Starting Saturday, Miami-Dade had employees working 24 hours a day to finish the process. Broward and Palm Beach have struggled. Machine troubles delayed the start of Broward’s recount operations until late Sunday morning. The Palm Beach Post reported that Palm Beach County Supervisor of Elections Susan Bucher warned this weekend that Thursday’s deadline will be “impossible” to meet, presenting the possibility that her unofficial results provided to the state on Saturday will stand.
Interjecting state and local police into the mix could complicate the timeline.
“In suing to seize ballots and impound voting machines, Rick Scott is doing his best to impersonate Latin American dictators who have overthrown Democracies in Venezuela and Cuba,” said Florida Democratic Party Executive Director Juan Peñalosa in an emailed statement Sunday evening. “The governor is using his position to consolidate power by cutting at the very core of our democracy.”
But missteps by Bucher and Snipes, at the very least, have opened the door to warranted skepticism.
Scott last week won court orders from judges in both counties after he alleged in lawsuits that Bucher was improperly conducting activities involving ballots in private that should have been performed in front of the canvassing board, the body responsible for overseeing the ballot-counting process and ruling on ballots of questionable validity.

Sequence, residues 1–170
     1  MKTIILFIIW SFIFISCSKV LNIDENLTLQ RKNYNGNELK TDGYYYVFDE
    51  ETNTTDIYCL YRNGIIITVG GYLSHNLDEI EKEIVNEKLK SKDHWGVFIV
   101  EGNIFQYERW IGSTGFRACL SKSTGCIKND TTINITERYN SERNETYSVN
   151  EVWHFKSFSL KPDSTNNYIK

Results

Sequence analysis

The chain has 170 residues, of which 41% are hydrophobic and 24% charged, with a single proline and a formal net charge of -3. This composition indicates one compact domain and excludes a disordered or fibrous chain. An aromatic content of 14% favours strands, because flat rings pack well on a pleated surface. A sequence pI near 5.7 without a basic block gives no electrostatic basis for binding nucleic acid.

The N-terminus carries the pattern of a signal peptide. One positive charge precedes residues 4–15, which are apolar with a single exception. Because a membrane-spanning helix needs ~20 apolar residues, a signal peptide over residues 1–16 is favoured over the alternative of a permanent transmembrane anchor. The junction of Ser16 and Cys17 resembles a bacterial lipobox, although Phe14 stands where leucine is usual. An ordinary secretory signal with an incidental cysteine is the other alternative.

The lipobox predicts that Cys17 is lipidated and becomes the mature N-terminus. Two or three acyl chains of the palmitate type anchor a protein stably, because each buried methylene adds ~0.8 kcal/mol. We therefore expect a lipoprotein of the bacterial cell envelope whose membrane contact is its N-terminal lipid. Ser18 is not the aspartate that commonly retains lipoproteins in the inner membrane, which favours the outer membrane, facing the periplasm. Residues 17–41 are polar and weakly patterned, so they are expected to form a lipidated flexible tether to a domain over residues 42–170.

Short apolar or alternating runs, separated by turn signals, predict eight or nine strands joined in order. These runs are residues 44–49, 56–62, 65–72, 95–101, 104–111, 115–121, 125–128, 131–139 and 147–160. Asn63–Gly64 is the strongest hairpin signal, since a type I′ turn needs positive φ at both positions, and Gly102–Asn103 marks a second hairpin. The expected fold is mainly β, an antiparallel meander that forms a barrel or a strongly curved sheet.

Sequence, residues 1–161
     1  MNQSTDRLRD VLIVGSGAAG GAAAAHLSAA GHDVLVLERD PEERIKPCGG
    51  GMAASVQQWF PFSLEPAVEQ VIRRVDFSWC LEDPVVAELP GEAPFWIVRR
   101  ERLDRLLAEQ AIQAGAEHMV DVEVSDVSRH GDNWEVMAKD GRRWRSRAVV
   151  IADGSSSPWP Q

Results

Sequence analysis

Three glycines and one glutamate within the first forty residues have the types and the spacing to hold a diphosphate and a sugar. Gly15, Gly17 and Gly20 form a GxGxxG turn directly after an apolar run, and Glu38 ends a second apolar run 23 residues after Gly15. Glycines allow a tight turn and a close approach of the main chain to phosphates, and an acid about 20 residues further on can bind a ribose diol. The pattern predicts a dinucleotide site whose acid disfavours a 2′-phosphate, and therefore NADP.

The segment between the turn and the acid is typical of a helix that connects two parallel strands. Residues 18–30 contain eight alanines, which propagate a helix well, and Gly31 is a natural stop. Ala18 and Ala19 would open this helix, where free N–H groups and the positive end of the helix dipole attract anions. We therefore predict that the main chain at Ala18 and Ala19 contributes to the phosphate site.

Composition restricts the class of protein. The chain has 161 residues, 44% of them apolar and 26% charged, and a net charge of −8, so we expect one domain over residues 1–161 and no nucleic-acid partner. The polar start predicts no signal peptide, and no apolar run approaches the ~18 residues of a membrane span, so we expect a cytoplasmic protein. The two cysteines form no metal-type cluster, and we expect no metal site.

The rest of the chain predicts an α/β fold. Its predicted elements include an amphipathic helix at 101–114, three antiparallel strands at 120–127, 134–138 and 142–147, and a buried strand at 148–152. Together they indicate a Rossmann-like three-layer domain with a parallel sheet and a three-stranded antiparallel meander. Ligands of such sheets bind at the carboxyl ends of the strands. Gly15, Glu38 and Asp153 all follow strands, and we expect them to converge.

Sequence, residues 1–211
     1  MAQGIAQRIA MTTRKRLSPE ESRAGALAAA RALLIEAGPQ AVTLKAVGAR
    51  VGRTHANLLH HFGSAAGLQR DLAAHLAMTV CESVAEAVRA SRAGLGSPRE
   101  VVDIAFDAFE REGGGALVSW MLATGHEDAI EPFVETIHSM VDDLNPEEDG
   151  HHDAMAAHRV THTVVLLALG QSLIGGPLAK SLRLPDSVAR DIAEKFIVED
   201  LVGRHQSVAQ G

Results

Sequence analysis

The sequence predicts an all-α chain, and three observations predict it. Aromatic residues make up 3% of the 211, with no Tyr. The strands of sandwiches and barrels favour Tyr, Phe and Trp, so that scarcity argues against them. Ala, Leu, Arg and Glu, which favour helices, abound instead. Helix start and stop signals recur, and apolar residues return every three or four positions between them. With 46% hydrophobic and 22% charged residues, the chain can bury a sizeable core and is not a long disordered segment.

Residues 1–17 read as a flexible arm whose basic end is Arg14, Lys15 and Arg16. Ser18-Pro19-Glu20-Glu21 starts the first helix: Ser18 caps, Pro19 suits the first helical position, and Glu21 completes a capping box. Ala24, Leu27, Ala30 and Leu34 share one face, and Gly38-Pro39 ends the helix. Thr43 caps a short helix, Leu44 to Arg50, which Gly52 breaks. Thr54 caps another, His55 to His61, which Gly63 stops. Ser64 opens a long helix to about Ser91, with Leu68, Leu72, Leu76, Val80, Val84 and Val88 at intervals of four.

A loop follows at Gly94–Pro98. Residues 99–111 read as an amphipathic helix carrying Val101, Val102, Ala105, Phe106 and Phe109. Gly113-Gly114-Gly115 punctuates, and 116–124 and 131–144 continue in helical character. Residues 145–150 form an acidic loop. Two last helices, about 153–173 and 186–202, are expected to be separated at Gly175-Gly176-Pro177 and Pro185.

Snipes, who has been repeatedly slapped by judges over gaffes in recent years, was ordered by a judge to provide information related to uncounted ballots and issues after she repeatedly declined to provide basic details about her operations to the press or the candidates.
Snipes’ staff also managed to mix up 22 invalid provisional ballots with 183 valid ones this week, and included the votes deemed illegitimate by the Broward County canvassing board in her unofficial vote total to the state. In a conference call with reporters, Tim Cerio, an elections attorney representing Scott in South Florida, noted that the only reasons the problematic ballots were discovered in the first place is because attorneys observing the canvassing board demanded that Snipes present the ballots to the board.
“We’re going to stand up to those who would violate the law and particularly those with a rampant history of voter fraud,” said U.S. Sen. Cory Gardner, chairman of the Republican Senate campaign committee.
The recounted vote tallies in South Florida could prove crucial in the ongoing recounts. Once recounted vote tallies are submitted to the state Thursday, any races still within one quarter of 1 percent will be subject to an automatic hand recount, during which so-called “under-votes” and “over-votes” — ballots in which voters chose too few or too many candidates — will be reviewed ballot by ballot by canvassing boards.
While former congressman Ron DeSantis is far enough ahead of Tallahassee Mayor Andrew Gillum that a hand recount is unlikely to occur in the race for governor, Scott and Nelson are expecting to continue fighting on into the weekend. Hand recount tallies would be due by Nov. 18. And South Florida, a heavily Democratic region of the state, contains more than 35,000 ballots that are considered under-votes in the Senate race. Nelson’s campaign is also fighting to include ballots rejected over signature mismatches in voting totals.